The digital divide: India’s rising digital uptake demands a digitally inclusive environment

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By Rohit Dadwal

With India’s rising digital uptake, it is imperative to foster a digitally inclusive environment

The world is moving towards a digital future and Asia is leading the way. According to the Digital Evolution Index 2017, developed Asian regions such as Japan, Korea, Hong Kong SAR and Singapore possess the appropriate infrastructure and support for digital development. Meanwhile, other developing Asian countries such as India and China are demonstrating the fastest momentum in digital uptake and have the largest potential for growth. This has created opportunities for consumers and marketers alike, yet it has also created an urban-rural digital divide that needs to be bridged.

The rural potential

According to the International Monetary Fund, Asian economies are dispersed all along the income spectrum. Hence, it is no surprise that Asia has the largest digital divide both within and between countries, given that they are intricately linked to the age and education levels of the population. Thus, within each country, it is essential to promote rural digital uptake so that rural individuals can gain access to educational, employment and health opportunities enabled by digital networks. This will provide those in the region greater connectivity and access to opportunities both within Asia and with the rest of the world.In India, rural digital uptake has immense potential to be a major economic contributor. A 10% increase in mobile broadband adoption may drive an average 0.6 to 2.8% in economic growth, as stated in a report by PwC India. For a country looking to compete against other Asian powerhouses on the international stage, it is imperative that the urban-rural digital divide is bridged and to leverage on the untapped potential of the world’s largest rural population of nearly 900 million, as reported by the United Nations.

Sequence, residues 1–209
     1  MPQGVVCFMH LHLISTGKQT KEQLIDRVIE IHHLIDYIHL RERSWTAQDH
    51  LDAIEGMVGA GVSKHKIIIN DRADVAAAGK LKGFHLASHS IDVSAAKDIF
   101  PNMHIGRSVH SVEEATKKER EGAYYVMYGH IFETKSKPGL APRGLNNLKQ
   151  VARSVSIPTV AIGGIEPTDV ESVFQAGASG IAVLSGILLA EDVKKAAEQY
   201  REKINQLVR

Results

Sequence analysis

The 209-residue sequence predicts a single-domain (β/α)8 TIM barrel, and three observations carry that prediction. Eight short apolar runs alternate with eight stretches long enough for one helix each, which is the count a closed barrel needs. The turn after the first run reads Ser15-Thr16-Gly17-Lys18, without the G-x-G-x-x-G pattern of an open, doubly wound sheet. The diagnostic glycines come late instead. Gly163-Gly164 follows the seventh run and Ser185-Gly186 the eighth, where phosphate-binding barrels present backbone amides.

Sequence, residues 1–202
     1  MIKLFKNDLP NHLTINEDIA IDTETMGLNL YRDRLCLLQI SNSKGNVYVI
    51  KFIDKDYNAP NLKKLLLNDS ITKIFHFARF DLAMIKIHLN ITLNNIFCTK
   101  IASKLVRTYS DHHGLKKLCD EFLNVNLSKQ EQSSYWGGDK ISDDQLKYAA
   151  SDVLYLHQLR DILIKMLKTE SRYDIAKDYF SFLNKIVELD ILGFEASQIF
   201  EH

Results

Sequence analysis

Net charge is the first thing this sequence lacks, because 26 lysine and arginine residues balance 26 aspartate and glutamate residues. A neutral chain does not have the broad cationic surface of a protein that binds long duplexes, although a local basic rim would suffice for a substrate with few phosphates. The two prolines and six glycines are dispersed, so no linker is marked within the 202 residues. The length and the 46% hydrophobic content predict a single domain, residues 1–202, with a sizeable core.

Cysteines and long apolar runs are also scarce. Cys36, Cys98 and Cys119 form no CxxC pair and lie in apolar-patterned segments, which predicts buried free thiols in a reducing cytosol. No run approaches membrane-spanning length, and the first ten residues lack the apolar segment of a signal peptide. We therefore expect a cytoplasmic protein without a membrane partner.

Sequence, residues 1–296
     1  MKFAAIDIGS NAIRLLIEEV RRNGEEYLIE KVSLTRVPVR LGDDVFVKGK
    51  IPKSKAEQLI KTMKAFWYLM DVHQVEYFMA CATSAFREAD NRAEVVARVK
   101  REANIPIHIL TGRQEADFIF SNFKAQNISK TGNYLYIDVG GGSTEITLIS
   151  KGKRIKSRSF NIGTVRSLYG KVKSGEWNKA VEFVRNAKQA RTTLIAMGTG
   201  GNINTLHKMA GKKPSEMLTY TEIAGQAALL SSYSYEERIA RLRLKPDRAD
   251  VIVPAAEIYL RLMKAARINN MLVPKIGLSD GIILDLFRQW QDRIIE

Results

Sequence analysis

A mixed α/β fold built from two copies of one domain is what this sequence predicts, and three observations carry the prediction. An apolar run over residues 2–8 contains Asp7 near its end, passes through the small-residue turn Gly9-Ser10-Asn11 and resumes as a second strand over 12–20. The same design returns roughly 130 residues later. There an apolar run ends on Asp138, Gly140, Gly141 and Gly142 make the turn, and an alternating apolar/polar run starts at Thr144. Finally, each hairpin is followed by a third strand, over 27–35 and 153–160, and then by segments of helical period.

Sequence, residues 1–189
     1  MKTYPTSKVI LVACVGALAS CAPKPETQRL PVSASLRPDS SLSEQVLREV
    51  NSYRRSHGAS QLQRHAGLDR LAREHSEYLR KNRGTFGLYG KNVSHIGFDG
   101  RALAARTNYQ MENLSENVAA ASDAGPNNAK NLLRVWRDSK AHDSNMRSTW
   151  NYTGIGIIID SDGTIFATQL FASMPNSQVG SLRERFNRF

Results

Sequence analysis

Role of mobile

Touted as the world’s first mobile-first region, Asia surpassed other developed nations of the world in embracing mobile technology. In many rural areas of Asia, the use of smartphones for m-commerce, social interactions, financial services and even gaming has played a profound role in circumventing the issues associated with building essential infrastructure required for computers. The adoption of mobile as the preferred conduit for internet-based activities has leapfrogged as compared to the rate it took for Asians to be conditioned to their computers during the PC revolution.However, the trajectory of digital uptake in rural India is unique and unlike that of urban India and its Asian counterparts. Fuelled by the availability of low-cost smartphones, affordable data plans and increased digital awareness, rural India advanced to the mobile internet and app ecosystem, bypassing the PC revolution entirely. They are driving regional news, on-demand content consumption and engaging in activities that were once only available to the urban masses. Mobile has hence granted them access to geographically diverse content and services, which was not possible during the eras of brick-and-mortar shopfronts and the PC revolution.For example, the demand for m-commerce has assisted major e-commerce players in India in making huge inroads into rural areas since the launch of their mobile apps a few years ago. Banking organisations are also leveraging mobile-led solutions, such as the BHIM app, to provide easy access to the rural population, propelled in part by demonetisation and distant access to banking branches, according to PwC India.The full potential of rural digital uptake within India and across Asia remains to be seen. In reaching a digitally illiterate population, marketers must attempt to bridge the digital divide and rethink the way digital can be leveraged. Only then will increasing rural digital uptake benefit consumers, businesses and the nation’s economy.

Source: Financial Express

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